2. Rich Expo SDK. The standard library has all kinds of things like using the camera, accelerometer, maps, location tracking, analytics, etc. You don’t need to install external packages, link native modules for Android and iOS.

  3. Works both on iOS and Android. You don’t need Mac to develop for iOS. If it works on one platform then it works on the other one too.

  4. Simplified configure. Configurations that you would typically prepare inside of your Xcode / plist files or Android studio / xml files are handled through app.json

  5. A convenient way to develop on the device. You can run your local app on any of your devices or in a simulator. No need for wires. It’s all done through Expo app.

  6. The built-in way to share with testers. Instead of having to sign up several external testers through iTunes connect, you can easily have them to download the Expo client app and immediately have a working version on their phone. Now it’s true for Android only though.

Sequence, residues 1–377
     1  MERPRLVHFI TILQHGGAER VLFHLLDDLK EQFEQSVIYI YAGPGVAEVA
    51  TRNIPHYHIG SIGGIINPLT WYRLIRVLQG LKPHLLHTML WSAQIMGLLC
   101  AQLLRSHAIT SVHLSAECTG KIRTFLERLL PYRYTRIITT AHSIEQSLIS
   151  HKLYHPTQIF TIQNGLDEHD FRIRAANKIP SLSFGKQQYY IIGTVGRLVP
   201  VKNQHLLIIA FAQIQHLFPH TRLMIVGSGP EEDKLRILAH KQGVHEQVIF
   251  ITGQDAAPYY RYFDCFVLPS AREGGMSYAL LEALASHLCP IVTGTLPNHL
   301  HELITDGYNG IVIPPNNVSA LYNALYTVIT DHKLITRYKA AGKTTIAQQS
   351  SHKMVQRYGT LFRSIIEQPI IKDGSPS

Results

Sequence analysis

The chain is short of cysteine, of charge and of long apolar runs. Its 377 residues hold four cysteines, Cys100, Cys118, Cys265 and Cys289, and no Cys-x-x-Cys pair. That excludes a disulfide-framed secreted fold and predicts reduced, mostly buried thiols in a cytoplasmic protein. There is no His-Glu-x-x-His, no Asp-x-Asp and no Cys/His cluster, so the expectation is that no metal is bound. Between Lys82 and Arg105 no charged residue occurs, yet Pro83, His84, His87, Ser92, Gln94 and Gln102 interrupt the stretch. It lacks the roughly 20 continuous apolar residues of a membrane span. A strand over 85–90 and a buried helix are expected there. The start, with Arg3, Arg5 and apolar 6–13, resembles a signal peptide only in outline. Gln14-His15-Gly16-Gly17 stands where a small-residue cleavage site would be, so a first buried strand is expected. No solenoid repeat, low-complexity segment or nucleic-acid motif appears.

1. You can’t use native modules with Expo. Must stick to supported SDK’s.

  2. The standard library is limited. It is big but still doesn’t have all APIs like Bluetooth, WebRTC, FaceDetector, ARKit or Payments. Also, it has much fewer implementations. I.e. we needed a video player but there is only one player implementation in Expo and it’s quite old. On the contrary, you can find 5 different in React Native for sure.

  3. Less flexibility compared to React Native Core. Expo hides a lot of complexity behind and this results in fewer options for configuration.

  4. No matter how fast the development team is, they will always be a bit behind React Native Core. Because Expo is built on top of React Native.

  5. Bigger app size. The size for an Expo app on iOS is approximately 33mb (download), and Android is about 20mb. This is because Expo includes a bunch of APIs regardless of whether or not you are using them.